A supposed investigation into America’s attitude toward childbirth, The Business of Being Born quickly turns into a propaganda piece for midwifery before closing on a fortuitously complex note. Motivated by friend Rikki Lake’s experiences giving birth both via C-section and naturally, director Abby Epstein sets out to examine how our medical industry—which has the second highest infant mortality rate in the developed world—denies women their rights to intervention-free childbirth for reasons both economic and expediency-related.
Epstein’s film fingers hospital costs, the fear of malpractice suits, and the absence of midwives during the procedure for these deaths, but only does so anecdotally via countless midwives and pro-midwifery talking heads, and without any convincing scrutiny of the statistics that are so brazenly tossed about. Graphic depictions of home births—including that of Lake’s in a bathtub—freely commingle with archival photos and medical footage of early-20th-century birthing methods, a Michael Moore-ish animated segment about the labor-inducing drug Pitocin, and interviewees who decry a childbirth culture of fear and then simultaneously say extreme things like “we [America] are completely lost” while implying that caesarean births are somehow bereft—to our cultural detriment—of “love hormones” and, consequently, love itself.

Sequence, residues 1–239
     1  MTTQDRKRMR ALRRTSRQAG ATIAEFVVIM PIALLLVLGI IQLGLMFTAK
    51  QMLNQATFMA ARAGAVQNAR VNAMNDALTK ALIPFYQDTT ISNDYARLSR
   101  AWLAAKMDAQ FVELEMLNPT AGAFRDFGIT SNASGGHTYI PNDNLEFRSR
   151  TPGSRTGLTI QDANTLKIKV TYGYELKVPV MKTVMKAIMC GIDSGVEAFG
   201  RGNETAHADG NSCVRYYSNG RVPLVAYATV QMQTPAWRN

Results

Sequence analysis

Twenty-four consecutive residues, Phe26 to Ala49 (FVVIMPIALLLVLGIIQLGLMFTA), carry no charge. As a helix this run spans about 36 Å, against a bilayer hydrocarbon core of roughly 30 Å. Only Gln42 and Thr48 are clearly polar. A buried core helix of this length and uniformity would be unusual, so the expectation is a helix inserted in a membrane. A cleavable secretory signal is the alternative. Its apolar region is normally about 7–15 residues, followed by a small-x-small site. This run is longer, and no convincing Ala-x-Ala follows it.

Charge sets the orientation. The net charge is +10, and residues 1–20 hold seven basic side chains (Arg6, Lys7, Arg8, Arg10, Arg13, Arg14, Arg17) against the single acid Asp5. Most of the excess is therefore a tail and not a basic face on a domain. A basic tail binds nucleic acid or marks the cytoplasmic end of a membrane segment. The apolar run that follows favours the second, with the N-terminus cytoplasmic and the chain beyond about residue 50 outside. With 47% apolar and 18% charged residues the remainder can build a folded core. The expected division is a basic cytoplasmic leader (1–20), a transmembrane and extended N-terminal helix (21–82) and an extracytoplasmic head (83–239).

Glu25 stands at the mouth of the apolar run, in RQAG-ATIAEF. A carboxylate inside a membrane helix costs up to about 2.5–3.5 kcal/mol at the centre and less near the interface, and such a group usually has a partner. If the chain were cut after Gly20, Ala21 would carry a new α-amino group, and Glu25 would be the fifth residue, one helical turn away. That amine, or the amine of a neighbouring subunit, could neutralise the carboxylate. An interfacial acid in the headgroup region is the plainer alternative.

Doctors periodically appear to provide less one-sided thoughts on the hospital-versus-home birth issue, but The Business of Being Born so often presents that choice as between powerless terror and ecstatic harmony that it weakens its more cogent points, such as the deleterious role played by insurance companies and doctors’ selfishness in creating an environment inimical to offering a woman options in the decision-making process. Epstein and Lake surely intend to simply shed light on what they view as the importance (and feasibility) of experiencing a natural delivery. Yet more often than not, what their documentary does is merely preach forcefully in favor of one side of an argument, a situation truly rectified only during a finale—in which Epstein’s own home birth goes awry—which would get more credit for complicating the prior midwife lovefest if it weren’t wholly accidental.